MANILA -- Anastacio de Alba, whose restaurant Alba Restaurante Español has been serving traditional Spanish cuisine to generations of Filipino foodies, passed away on Sunday morning. He was 89.
Alba, who hailed from Avila, Spain, died from cardio pulmonary arrest, his family said in a statement sent to ABS-CBN News. He suffered a stroke last 2012.
“It is with great sadness that we inform you of the peaceful passing of our beloved father Anastacio de Alba this morning at 5:30 a.m.,” the family said, noting that their patriarch would have turned 90 on his birthday on August 14.
Viewing will start Sunday night at 7 p.m. at The Heritage Park, Taguig, Chapel 7 with a mass scheduled at 8:30 p.m., the statement added.
Alba came to the Philippines in 1952. He worked for the Casino Español until he opened his first restaurant, Alba Cocina Española, on Isaac Peral, now United Nations Avenue, two years after.
From a modest eatery with only five tables, Alba’s transferred to a bigger location on Florida Street, now Maria Orosa, after a year to accommodate the growing number of patrons, which included top names from government, politics and business.
“I wanted to bring to Manila a part of Spain and its cultural history," he once said.
Soon, his restaurants included La Parilla and Patio Flamenco on Roxas Boulevard, Jardin de Alba in Greenhills and the Alba Patio de Makati. In 1975, he opened La Mancha at the Magallanes Commercial Center, which quickly became a landmark as it was designed like a huge windmill.
Alba, who is also dubbed "Paella King," also put up Casa Colas on Polaris Street in Makati, which has since been turned into an Alba’s restaurant.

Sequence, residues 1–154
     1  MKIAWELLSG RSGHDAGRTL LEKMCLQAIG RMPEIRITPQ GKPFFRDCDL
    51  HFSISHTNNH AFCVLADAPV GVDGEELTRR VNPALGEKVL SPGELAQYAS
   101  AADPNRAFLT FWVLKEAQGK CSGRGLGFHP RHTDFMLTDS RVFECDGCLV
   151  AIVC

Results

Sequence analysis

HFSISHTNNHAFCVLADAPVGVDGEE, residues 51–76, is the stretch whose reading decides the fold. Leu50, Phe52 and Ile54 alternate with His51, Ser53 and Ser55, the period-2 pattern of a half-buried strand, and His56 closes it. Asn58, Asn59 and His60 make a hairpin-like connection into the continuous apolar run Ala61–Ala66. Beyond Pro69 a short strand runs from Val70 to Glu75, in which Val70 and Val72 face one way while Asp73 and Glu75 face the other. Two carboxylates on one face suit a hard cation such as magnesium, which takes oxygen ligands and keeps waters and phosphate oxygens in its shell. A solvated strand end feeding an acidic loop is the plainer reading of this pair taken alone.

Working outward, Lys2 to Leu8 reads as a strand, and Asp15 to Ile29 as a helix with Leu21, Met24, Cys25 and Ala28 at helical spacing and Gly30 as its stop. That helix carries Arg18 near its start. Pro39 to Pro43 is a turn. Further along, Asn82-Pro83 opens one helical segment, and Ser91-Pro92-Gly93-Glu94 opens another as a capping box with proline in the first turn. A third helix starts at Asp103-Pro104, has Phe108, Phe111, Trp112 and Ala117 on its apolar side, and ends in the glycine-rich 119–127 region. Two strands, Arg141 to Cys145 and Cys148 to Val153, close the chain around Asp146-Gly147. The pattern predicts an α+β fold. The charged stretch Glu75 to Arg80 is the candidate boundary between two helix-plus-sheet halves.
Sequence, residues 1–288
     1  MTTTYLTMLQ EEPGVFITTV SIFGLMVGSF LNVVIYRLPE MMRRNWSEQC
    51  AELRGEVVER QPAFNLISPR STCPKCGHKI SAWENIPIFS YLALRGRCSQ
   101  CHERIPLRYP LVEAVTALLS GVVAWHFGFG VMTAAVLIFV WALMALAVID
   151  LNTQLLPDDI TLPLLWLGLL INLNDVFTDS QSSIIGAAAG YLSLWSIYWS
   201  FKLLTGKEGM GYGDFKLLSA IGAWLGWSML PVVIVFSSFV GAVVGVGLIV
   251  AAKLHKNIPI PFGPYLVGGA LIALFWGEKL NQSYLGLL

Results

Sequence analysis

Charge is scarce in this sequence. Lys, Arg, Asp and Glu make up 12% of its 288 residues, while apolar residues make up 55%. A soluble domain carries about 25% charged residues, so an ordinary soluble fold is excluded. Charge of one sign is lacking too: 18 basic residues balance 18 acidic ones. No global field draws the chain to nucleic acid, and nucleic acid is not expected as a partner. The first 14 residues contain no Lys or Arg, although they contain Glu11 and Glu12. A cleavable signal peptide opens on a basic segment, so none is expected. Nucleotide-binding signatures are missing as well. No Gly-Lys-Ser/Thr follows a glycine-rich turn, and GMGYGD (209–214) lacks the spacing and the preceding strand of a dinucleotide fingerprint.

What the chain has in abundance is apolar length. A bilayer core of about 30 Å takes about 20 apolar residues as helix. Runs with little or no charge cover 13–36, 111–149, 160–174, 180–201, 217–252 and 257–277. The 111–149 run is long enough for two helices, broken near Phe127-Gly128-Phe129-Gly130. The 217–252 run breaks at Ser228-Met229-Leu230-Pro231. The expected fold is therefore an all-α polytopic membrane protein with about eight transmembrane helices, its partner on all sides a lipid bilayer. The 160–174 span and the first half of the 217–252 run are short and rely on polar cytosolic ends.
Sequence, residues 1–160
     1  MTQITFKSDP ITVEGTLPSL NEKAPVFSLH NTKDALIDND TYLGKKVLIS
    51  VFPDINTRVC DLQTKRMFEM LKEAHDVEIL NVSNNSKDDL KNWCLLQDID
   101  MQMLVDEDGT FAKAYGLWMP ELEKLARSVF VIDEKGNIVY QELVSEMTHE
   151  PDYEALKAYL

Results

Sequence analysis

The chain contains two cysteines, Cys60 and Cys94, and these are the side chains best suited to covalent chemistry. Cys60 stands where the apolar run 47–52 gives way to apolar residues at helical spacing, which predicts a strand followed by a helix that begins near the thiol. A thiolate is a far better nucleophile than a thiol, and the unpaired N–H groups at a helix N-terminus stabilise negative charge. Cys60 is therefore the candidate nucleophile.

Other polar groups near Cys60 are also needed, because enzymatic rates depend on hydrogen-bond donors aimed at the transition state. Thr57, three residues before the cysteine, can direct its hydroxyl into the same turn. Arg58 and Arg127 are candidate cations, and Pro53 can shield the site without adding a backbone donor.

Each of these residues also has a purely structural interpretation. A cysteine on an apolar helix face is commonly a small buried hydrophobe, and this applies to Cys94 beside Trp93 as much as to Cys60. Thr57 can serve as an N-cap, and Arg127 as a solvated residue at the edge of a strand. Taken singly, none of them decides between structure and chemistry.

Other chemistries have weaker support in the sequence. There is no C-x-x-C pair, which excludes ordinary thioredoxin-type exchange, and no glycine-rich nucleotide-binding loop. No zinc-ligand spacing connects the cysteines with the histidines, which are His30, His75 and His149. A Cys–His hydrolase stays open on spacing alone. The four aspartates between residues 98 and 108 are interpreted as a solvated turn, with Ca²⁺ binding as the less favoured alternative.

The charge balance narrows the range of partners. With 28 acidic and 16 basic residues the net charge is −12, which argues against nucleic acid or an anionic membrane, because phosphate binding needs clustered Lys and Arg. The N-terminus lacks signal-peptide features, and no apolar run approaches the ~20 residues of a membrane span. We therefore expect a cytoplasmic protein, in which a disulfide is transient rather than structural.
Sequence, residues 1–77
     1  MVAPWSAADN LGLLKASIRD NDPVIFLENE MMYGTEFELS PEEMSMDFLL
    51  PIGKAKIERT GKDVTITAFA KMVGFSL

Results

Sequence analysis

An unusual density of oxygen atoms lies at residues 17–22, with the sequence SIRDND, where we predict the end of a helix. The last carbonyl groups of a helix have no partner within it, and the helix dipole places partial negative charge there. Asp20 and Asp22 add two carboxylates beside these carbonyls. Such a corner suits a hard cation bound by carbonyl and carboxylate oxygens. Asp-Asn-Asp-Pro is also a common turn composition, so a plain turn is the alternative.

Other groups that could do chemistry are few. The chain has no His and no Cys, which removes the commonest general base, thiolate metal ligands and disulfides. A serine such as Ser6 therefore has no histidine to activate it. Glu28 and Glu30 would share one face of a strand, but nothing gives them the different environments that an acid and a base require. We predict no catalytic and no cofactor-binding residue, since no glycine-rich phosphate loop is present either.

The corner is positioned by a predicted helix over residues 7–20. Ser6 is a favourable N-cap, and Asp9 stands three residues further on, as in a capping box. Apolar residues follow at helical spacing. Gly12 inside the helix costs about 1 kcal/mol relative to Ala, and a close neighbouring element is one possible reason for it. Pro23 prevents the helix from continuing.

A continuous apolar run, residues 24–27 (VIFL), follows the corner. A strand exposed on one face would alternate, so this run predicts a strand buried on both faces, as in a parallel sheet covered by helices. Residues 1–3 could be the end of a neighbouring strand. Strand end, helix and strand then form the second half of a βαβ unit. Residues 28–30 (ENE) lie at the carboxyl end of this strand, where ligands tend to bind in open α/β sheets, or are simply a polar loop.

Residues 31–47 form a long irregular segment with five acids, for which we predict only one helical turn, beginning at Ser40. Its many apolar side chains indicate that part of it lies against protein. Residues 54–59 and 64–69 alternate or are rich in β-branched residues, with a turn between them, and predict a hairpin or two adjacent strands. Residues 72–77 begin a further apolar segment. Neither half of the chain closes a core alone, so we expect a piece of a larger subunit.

Together with son Miguel, who is also a chef, Alba’s remains a true icon in the local dining scene, known for its 18 different paellas -- from the classic Valenciana to new flavors such as Verde and everything else in between (Negra, Filipino, de Pato, Pollo Finas Hierbas, de Verduras, de Gambas, Arroz a la Regencia, de Cordero, Marinera, de Bacalao, de Langostinos, de Cangrejo, Tuhod y Batoc, Setas y Pesto, and Fideua).
Other favorites at Alba’s include the callos, lengua and cochinillo, as well as tapas like chorizos, gambas, sardinas picantes and tortillas.
Fellow chefs immediately took to social media to mourn his passing.
"It is with sadness that today we will mourn the passing of a great chef - someone who loved this country , and who shared all his knowledge in his cuisine to so many," Nancy Reyes Lumen wrote in a Facebook post.
"Don Alba was awarded the highest honors in Spain by the King himself for having propagated Spanish cuisine. It is now our turn to honor the man," she added.
"Salute to the king! I only have respect and deep gratitude to this honorable man," commented chef Sau del Rosario of Pampanga's Café Fleur.
"Farewell and adios Señor! Love you mucho!" wrote chef J Gamboa, whose ventures include the popular Spanish restaurant Circkulo.